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Food Preferences Change After Gastric Bypass Surgery

July 28, 2011

Gastric bypass surgery, once a procedure of last resort for obese patients is quickly becoming an accepted and mainstream procedure used by patients to eat less, lose weight and become healthier. However, the actual reasons behind this surgery’s success have been unclear.

The most common and effective procedure is the “ËœRoux-en-Y’ gastric bypass, which involves stapling the stomach to create a small pouch at the top, which is then connected directly to the small intestine. This bypasses most of the stomach and the duodenum (the first part of the small intestine), and appears to lead patients to significantly reduce their intake of dietary fat.

A new study, published in the American Journal of Physiology, suggests a new reason why some types of bariatric surgery lead to long-term weight loss more successfully than others.

Further experiments suggest that this fat avoidance is triggered through digestive consequences, rather than just altered taste, and may be the result of an excess of hormones previously linked to food avoidance.

Researchers used data from a study in obese people comparing gastric bypass to vertical-banded gastroplasty. At 1 and 6 years after surgery, these patients were asked to fill out questionnaires to determine whether they avoided certain foods.

The researchers also performed either Roux-en-Y gastric bypass or sham operations on rats. At time points ranging from 10 to 200 days after surgery, these animals were subjected to various food preference experiments. In one experiment, the rats were offered either high- or low-fat chow, with the researchers comparing the animals’ intake of both foods before and after surgery.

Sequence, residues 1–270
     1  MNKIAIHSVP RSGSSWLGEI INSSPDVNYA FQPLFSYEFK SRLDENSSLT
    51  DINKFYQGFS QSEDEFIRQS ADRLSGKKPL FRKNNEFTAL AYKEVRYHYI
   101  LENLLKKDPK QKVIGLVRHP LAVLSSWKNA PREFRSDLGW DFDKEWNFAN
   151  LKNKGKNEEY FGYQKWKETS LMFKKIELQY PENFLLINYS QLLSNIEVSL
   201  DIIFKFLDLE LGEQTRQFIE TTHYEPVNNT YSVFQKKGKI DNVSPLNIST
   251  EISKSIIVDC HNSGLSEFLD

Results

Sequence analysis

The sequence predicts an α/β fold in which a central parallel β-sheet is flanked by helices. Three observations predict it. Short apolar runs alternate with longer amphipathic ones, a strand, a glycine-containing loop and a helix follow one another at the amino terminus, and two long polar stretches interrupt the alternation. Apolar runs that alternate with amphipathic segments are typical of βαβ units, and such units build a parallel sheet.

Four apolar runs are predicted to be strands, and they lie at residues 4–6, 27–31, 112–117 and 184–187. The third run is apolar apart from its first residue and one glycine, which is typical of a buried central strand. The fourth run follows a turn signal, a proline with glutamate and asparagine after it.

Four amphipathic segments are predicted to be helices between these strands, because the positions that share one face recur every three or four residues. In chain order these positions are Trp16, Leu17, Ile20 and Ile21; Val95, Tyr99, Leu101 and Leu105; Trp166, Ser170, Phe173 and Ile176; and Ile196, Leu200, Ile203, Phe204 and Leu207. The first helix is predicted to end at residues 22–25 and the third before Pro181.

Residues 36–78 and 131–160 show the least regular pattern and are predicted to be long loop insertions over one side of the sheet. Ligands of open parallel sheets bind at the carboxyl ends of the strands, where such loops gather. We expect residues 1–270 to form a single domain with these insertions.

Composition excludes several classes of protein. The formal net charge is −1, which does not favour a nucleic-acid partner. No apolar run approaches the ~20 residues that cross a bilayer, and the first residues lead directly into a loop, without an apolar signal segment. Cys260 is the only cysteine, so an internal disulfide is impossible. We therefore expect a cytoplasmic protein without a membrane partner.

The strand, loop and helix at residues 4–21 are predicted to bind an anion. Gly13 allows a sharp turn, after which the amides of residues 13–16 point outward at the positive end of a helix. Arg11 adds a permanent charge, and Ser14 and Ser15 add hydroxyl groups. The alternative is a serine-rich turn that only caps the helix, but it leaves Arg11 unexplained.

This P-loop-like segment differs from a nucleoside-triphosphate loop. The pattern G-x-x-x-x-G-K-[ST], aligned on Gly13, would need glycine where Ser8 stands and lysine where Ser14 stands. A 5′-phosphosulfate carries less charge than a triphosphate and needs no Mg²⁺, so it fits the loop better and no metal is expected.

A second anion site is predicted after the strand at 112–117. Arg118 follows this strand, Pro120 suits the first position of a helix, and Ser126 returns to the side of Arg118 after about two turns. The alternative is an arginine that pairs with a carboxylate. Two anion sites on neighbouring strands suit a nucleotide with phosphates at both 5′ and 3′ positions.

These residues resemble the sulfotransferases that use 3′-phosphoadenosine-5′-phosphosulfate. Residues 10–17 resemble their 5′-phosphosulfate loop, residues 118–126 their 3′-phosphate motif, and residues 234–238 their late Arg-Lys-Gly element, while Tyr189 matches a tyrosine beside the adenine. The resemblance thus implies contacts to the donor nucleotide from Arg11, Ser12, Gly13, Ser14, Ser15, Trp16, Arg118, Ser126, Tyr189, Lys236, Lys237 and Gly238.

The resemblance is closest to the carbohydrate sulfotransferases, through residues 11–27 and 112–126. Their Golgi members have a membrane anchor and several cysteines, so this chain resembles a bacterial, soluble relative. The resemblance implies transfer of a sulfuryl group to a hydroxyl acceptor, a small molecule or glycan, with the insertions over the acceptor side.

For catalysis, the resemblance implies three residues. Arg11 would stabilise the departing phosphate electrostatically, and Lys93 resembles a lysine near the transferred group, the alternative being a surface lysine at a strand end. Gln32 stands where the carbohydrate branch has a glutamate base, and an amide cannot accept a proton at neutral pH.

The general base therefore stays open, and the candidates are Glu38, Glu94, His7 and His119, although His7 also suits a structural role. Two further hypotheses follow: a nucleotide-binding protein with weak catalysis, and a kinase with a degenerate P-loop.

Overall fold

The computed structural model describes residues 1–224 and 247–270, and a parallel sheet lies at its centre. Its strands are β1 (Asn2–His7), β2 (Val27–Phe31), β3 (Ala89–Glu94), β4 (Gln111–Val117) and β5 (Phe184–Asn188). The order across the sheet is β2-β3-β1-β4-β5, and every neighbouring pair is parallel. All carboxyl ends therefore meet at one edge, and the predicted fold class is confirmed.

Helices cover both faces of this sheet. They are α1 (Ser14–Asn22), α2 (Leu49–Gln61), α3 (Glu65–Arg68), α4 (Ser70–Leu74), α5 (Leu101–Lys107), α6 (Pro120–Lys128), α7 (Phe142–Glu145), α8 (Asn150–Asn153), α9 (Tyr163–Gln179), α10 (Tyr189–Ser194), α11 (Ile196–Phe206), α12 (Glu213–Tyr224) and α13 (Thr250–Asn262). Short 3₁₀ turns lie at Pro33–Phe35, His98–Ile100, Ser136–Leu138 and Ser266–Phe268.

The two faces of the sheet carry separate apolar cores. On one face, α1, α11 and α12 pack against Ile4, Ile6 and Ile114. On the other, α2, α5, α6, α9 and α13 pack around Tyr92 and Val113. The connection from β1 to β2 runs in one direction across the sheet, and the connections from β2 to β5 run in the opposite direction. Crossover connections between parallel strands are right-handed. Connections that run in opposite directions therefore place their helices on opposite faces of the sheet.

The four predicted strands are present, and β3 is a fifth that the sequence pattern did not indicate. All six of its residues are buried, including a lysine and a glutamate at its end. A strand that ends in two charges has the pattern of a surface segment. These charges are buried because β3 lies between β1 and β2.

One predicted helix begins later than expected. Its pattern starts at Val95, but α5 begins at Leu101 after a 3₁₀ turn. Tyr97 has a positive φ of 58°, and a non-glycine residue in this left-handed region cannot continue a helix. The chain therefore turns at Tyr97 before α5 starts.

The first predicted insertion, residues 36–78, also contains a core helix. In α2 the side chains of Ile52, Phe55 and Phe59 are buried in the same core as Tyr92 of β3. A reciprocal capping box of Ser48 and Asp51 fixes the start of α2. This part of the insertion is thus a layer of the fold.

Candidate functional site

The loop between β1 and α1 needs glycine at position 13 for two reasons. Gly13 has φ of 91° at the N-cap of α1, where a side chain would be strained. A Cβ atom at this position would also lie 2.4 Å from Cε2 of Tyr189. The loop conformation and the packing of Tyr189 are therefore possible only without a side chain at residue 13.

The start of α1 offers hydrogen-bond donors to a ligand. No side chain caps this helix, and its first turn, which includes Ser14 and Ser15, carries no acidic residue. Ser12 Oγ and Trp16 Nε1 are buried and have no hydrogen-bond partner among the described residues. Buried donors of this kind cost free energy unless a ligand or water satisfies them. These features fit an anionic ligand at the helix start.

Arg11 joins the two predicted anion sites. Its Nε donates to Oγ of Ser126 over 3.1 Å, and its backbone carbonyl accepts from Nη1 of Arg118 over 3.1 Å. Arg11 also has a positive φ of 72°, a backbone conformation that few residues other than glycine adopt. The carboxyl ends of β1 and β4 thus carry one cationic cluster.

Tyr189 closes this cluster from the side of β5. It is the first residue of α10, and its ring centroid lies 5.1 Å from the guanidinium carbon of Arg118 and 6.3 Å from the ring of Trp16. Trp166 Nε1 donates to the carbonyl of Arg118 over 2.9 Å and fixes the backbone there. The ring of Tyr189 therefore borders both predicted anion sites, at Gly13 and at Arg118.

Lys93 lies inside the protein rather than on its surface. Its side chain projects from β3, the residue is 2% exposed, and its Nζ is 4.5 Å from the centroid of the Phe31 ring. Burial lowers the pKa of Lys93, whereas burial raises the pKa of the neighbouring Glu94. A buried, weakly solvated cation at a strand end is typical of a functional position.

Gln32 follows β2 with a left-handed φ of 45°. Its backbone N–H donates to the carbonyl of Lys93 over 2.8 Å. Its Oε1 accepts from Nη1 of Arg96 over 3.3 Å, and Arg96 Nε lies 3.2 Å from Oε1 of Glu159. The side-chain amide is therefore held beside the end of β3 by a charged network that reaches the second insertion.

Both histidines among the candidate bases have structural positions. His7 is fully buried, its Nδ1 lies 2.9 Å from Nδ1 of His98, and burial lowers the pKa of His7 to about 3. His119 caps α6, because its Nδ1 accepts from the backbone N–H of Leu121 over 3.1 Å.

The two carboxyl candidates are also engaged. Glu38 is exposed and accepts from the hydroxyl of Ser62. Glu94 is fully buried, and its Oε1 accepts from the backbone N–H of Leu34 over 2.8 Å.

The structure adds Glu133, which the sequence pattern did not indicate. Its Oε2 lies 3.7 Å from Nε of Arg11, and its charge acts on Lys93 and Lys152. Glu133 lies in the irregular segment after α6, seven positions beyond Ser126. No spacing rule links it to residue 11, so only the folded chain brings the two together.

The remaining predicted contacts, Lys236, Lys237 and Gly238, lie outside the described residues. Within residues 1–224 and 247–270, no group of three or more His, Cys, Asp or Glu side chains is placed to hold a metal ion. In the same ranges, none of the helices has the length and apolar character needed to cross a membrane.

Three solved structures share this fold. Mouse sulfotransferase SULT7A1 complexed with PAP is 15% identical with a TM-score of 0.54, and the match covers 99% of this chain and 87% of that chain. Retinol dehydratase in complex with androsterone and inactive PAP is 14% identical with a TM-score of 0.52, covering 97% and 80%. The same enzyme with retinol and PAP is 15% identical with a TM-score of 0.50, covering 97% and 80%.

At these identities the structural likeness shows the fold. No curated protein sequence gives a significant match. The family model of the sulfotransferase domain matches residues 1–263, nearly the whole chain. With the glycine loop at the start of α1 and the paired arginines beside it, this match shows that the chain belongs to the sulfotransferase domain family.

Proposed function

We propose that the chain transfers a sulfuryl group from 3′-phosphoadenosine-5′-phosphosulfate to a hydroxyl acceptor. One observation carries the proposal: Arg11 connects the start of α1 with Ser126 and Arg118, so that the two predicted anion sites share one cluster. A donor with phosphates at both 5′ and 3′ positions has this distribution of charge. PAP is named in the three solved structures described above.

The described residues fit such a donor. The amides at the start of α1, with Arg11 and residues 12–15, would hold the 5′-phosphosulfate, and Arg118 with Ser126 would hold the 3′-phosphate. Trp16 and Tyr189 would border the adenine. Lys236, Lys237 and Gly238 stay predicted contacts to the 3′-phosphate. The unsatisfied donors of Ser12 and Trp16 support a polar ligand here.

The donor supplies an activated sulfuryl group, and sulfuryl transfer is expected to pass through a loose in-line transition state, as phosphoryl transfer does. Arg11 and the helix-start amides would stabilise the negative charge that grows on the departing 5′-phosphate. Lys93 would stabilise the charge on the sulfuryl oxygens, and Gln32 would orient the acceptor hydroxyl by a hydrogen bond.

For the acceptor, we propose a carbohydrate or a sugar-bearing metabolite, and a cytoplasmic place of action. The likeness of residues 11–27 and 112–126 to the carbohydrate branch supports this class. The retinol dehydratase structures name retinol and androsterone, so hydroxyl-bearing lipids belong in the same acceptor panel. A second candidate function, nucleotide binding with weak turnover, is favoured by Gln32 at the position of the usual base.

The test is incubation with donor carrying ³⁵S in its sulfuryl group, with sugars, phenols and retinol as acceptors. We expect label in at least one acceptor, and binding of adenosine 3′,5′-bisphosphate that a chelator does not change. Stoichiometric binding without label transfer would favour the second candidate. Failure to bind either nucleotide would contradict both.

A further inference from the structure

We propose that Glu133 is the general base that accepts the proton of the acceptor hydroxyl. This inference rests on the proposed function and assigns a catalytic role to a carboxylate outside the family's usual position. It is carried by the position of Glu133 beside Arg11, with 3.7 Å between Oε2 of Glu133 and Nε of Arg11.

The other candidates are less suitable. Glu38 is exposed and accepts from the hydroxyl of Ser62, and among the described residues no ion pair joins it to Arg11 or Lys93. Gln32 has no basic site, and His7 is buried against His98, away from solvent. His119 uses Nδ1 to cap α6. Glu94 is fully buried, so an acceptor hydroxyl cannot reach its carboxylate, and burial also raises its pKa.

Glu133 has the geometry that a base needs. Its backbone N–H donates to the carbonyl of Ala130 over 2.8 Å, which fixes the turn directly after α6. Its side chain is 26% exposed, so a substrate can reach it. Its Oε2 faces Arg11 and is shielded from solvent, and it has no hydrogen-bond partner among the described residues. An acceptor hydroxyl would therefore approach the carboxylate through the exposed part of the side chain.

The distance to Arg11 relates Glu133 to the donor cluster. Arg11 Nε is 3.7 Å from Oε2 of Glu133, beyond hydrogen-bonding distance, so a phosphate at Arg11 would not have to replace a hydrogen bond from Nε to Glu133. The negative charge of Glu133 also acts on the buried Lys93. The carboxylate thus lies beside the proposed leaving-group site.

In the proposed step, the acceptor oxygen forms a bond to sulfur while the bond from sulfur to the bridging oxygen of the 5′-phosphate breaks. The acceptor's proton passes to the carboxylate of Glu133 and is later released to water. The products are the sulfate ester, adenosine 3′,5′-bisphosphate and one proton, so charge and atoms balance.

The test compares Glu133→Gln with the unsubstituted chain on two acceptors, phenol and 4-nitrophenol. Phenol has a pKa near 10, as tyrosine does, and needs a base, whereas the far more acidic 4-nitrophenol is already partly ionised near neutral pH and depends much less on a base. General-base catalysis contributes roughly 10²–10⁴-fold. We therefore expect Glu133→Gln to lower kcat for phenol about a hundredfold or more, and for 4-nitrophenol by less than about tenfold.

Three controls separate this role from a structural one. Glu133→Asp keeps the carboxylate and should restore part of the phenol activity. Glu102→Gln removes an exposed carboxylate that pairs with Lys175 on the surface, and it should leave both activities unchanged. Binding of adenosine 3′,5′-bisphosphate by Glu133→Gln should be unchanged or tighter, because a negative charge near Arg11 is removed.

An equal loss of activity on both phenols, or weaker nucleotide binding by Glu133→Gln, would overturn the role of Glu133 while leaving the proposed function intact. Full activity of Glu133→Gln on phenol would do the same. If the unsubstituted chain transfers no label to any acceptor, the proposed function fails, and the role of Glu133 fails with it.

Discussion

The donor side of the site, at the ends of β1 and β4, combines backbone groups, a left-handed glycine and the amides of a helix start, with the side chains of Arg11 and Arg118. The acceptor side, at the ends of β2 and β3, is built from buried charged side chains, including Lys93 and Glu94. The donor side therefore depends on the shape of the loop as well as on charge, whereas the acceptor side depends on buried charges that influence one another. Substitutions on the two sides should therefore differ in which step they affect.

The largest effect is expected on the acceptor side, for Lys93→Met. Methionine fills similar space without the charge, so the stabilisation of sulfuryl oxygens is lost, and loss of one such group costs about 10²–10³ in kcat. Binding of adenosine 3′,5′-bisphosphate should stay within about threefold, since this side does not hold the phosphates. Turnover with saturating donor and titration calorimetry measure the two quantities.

Similarly, the rats were presented with bottles containing either water or various concentrations of a fat emulsions, with the researchers recording intake of each liquid. To determine whether taste could be responsible for preference, the researchers recorded how many licks the animals took at each bottle when it was offered for only a brief amount of time.

The results suggest that people and animals who undergo Roux-en-Y gastric bypass decrease their consumption of both solid and liquid dietary fat, possibly helping people stick to a healthier diet.

This avoidance does not appear to be triggered by taste alone, but can be influenced by the effects after ingestion. The hormone GLP-1 might be partly responsible for these effects.

“These findings suggest that changes in fat preference may contribute to long-term maintained weight loss after gastric bypass,” the authors wrote. “By elucidating the mechanisms by which obesity surgery reduces the consumption of high fat foods, new surgical and non-surgical therapies could be developed that mimic these mechanisms to offer safe and effective weight loss.”

“It seems that people who’ve undergone gastric bypass surgery are eating the right food without even trying,” said Mr. Torsten Olbers from Imperial College London, who performed the operations on patients in the study at Sahlgrenska University Hospital in Göteborg, Sweden.

Dr. Carel le Roux, from the Imperial Weight Centre at Imperial College London, who led the research, said: “It appears that after bypass surgery, patients become hungry for good food and avoid junk food not because they have to, but because they just don’t like it any more. If we can find out why this happens, we might be able to help people to eat more healthily without much effort.”

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